Thousands of people in the Pacific Northwest — commercial fishermen, their crews, sport fishermen, seafood processors, even many boat builders — depend on wild salmon caught every summer in Alaska’s Bristol Bay. The Trump administration has re-started permitting for a controversial mining project there — and locals are gearing up to fight it.
The battle over the so-called Pebble Mine has gone on for more than a decade. It was on hold in 2014, after then President Barack Obama’s Environmental Protection Agency found that its plans to extract copper, gold and molybdenum would have adverse effects on salmon spawning areas. Now, after withdrawal of the Obama-era restrictions, a revised proposal is under review by the Army Corps of Engineers. A 90-day public comment period on the draft environmental impact statement began March 1. Many opponents of the proposal say that’s not long enough.
“We had 60 million fish return to Bristol Bay last year, in probably a 30- to 40-day period of time. You just don’t have that anywhere else to speak of anymore,” said Ronn Griffin, who lives in Kingston and has been fishing Bristol Bay for more than 35 years.
He’s part of the growing chorus criticizing what they say is a fast-tracked and incomplete permitting process under Trump’s Army Corps of Engineers. Hundreds here are demanding an extension of the comment period past May and that at least one public hearing be held in Seattle, not just Alaska.
“Seattle has a long history and a vested interest in what happens in Bristol Bay,” Griffin said.
In 2012, the EPA held a hearing on the Pebble Mine here, at the request of Washington Sen. Maria Cantwell. Cantwell puts the value of the fishery at $1.5 billion annually and has again called for a Seattle hearing.
Bristol Bay has the last pristine salmon runs in the world — the largest for sockeye. And though it’s thousands of miles from Western Washington state, people here are concerned. Elizabeth Herendeen is with the Businesses for Bristol Bay Coalition. She says they’re demanding the permitting process be put on hold because crucial information is missing.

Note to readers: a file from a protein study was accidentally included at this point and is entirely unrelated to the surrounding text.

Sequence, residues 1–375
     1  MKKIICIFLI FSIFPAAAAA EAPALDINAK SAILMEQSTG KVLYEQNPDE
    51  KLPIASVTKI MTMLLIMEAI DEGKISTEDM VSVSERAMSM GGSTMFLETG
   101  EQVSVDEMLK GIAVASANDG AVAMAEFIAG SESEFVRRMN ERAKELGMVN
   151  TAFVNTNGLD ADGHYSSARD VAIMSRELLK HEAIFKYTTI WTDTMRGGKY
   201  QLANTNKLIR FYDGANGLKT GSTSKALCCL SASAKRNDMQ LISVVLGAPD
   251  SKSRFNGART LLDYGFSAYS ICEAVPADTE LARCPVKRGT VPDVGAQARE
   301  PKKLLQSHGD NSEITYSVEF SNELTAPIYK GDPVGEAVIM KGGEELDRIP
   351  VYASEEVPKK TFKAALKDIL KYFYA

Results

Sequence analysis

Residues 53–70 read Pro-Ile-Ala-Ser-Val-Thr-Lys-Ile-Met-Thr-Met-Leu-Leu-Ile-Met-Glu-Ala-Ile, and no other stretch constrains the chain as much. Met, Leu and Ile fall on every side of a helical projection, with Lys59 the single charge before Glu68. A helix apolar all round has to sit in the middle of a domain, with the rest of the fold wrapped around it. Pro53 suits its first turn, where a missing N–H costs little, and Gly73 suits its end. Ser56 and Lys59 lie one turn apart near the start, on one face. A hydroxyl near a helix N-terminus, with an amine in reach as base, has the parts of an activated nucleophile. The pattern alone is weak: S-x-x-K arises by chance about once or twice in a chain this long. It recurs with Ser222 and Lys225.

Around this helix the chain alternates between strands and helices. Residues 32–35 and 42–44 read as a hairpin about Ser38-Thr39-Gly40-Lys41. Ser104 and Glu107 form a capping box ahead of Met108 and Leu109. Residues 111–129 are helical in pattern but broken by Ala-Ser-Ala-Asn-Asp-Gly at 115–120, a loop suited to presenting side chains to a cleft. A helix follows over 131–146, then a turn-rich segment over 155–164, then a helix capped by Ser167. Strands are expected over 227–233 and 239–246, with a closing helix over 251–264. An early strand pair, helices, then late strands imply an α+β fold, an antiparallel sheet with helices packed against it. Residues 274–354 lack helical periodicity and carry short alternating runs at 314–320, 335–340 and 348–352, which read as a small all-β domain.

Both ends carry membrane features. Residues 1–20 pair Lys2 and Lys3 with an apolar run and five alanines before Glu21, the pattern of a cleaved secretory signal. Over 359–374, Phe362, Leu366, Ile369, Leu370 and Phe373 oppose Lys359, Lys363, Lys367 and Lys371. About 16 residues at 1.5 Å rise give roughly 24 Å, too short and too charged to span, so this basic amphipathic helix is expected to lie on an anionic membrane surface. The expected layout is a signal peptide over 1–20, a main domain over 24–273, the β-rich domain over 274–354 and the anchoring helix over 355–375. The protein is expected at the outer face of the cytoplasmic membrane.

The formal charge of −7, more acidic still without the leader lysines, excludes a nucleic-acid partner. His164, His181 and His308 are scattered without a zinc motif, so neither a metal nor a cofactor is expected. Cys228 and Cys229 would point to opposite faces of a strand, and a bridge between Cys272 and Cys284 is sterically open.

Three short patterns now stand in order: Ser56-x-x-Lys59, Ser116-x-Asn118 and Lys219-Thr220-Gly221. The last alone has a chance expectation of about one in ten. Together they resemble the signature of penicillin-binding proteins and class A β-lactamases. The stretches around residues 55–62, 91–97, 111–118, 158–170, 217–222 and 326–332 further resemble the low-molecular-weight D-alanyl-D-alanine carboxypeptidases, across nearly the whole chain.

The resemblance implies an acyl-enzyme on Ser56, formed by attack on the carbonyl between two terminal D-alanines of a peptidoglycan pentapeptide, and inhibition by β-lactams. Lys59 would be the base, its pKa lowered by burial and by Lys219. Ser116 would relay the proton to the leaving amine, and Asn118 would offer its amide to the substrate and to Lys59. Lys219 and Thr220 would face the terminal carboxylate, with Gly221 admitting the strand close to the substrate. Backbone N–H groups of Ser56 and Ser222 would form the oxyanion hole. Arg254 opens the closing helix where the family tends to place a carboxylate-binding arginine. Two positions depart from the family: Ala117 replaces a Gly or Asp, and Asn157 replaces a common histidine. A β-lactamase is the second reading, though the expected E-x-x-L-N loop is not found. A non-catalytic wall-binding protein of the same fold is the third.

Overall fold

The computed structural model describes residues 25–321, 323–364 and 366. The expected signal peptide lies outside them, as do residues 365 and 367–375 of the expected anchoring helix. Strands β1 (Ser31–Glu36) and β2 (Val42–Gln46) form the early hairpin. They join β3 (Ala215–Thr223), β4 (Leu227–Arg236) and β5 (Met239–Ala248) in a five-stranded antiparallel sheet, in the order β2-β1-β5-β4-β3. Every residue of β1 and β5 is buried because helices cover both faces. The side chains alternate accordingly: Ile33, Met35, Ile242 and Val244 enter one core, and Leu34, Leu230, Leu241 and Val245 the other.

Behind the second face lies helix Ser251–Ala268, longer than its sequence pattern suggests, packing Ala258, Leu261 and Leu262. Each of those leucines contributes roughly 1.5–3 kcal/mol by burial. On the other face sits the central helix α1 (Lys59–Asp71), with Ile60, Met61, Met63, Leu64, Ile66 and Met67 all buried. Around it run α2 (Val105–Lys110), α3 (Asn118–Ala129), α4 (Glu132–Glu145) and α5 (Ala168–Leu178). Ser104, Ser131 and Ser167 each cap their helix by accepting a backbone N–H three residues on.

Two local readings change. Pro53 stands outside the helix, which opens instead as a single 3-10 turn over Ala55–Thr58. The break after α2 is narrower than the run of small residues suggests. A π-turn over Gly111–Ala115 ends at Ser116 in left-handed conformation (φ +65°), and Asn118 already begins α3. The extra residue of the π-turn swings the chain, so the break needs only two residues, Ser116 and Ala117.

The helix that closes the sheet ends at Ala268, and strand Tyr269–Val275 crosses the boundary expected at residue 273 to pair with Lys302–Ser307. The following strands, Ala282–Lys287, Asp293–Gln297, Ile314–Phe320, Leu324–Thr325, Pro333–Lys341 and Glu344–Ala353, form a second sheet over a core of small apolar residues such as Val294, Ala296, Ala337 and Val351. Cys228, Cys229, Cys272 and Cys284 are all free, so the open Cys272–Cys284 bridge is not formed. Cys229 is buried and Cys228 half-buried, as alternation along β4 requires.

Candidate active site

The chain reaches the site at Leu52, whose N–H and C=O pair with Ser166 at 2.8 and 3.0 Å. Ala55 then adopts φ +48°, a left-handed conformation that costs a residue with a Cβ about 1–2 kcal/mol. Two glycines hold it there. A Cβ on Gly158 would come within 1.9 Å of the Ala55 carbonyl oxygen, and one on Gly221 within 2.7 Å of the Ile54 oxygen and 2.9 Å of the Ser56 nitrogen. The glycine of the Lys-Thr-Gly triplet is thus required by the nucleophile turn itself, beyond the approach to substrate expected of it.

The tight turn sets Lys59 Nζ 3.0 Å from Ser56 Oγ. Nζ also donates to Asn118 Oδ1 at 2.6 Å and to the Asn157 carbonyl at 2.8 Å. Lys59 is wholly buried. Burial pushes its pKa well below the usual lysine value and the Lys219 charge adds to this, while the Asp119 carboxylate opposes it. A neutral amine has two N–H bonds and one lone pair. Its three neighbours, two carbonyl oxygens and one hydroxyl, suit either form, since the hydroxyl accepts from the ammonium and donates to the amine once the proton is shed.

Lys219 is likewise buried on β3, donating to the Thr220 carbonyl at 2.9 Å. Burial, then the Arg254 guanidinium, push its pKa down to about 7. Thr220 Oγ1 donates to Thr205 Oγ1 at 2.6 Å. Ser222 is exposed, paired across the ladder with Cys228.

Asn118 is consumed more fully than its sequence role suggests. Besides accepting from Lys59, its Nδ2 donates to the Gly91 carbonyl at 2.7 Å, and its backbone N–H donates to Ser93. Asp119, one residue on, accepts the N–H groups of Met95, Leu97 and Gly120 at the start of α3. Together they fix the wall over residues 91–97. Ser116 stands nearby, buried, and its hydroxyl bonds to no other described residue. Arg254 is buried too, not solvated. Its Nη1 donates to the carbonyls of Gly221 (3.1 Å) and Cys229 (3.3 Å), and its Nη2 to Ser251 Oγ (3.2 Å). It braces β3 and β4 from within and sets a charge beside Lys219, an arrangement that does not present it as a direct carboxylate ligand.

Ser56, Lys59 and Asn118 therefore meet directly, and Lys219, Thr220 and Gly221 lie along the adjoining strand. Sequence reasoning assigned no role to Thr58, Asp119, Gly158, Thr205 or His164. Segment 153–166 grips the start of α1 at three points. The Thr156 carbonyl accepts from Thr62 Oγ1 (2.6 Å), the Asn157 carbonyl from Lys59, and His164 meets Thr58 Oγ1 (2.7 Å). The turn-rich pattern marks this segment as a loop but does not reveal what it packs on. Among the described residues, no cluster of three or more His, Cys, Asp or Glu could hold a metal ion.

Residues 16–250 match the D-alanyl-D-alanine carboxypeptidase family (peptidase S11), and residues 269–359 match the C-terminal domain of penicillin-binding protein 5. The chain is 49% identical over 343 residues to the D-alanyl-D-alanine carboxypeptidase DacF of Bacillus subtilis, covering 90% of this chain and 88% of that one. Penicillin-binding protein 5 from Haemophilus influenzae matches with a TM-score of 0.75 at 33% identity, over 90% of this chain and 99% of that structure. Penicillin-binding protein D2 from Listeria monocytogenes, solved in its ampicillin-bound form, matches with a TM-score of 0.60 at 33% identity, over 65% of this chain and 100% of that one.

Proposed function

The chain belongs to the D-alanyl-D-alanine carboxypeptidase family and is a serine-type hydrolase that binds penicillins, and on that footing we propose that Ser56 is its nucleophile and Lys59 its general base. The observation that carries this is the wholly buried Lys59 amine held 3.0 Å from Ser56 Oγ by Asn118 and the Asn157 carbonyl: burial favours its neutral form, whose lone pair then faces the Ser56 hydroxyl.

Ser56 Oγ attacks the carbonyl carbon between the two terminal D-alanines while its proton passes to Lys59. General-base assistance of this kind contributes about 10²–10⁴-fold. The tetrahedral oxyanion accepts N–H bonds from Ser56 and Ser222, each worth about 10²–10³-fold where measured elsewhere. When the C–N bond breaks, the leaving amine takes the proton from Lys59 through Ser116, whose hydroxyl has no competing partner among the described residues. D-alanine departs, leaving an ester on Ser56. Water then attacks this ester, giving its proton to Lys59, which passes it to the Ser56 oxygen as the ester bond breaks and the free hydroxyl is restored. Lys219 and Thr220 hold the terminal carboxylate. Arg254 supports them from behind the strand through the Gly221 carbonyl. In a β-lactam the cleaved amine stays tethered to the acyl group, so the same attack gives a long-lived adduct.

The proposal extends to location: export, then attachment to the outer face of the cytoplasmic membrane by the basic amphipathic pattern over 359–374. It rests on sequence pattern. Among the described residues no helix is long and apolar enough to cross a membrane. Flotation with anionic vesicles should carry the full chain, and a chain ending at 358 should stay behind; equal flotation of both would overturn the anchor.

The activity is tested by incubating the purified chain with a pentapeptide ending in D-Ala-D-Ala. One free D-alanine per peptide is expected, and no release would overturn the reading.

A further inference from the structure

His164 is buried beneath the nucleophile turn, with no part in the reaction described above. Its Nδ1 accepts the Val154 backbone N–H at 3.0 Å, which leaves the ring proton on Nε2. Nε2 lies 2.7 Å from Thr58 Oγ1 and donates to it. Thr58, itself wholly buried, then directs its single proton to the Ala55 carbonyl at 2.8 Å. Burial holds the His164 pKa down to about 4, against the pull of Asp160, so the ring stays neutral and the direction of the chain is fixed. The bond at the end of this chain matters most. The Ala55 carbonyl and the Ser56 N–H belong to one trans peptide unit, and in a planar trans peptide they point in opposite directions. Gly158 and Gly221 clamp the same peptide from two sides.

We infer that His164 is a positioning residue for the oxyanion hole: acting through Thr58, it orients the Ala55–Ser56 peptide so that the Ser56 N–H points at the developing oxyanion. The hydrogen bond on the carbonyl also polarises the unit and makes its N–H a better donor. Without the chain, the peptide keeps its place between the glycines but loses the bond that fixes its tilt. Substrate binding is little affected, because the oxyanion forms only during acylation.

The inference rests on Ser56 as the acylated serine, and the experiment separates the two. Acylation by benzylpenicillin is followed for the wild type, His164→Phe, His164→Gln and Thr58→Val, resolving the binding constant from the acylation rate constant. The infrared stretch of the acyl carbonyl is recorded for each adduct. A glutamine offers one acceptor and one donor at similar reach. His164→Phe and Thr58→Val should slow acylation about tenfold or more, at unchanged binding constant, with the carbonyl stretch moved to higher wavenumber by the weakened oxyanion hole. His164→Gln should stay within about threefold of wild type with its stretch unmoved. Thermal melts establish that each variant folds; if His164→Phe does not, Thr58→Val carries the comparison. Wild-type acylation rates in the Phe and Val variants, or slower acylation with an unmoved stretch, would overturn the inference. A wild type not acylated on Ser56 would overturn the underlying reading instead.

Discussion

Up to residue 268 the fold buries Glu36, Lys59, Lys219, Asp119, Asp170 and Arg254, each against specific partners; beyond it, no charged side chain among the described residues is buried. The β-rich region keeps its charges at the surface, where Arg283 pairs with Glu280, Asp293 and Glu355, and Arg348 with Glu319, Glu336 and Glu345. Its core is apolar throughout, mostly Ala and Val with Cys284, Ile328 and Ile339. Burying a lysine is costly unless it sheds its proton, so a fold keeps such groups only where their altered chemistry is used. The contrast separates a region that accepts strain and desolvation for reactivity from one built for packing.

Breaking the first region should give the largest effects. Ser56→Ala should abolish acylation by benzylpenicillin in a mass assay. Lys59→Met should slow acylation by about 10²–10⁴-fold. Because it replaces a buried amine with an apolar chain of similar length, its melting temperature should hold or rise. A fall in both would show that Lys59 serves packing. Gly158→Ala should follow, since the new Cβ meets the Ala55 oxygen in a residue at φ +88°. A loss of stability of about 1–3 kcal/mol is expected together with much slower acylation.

“This decision, that the Army Corps makes, will not just have long-term impacts on Bristol Bay and those communities, but Washington state as well. And there’s no reason to not have a public hearing in Seattle,” Herendeen said.
Nearly 800 salmon fishermen in Washington have permits for Bristol Bay.
The Businesses for Bristol Bay Coalition was launched in 2017 with the help of outdoor recreation outfitters, seafood companies and Seattle restauranteur Tom Douglas, among others. They want the preservation of fishing jobs, which they call “renewable” because they will last as long as the resources do in Bristol Bay and support all kinds of other, related industries.
And, Griffin says, it stands in stark contrast to so many salmon runs in Washington that are suffering because of all the development around them.
“You know, we’re spending millions of dollars trying to salvage the remnants of the runs in Washington State,” he said. “And there’s a perfectly intact ecosystem with a healthy fishery sitting there in Bristol Bay that just needs to be left alone.”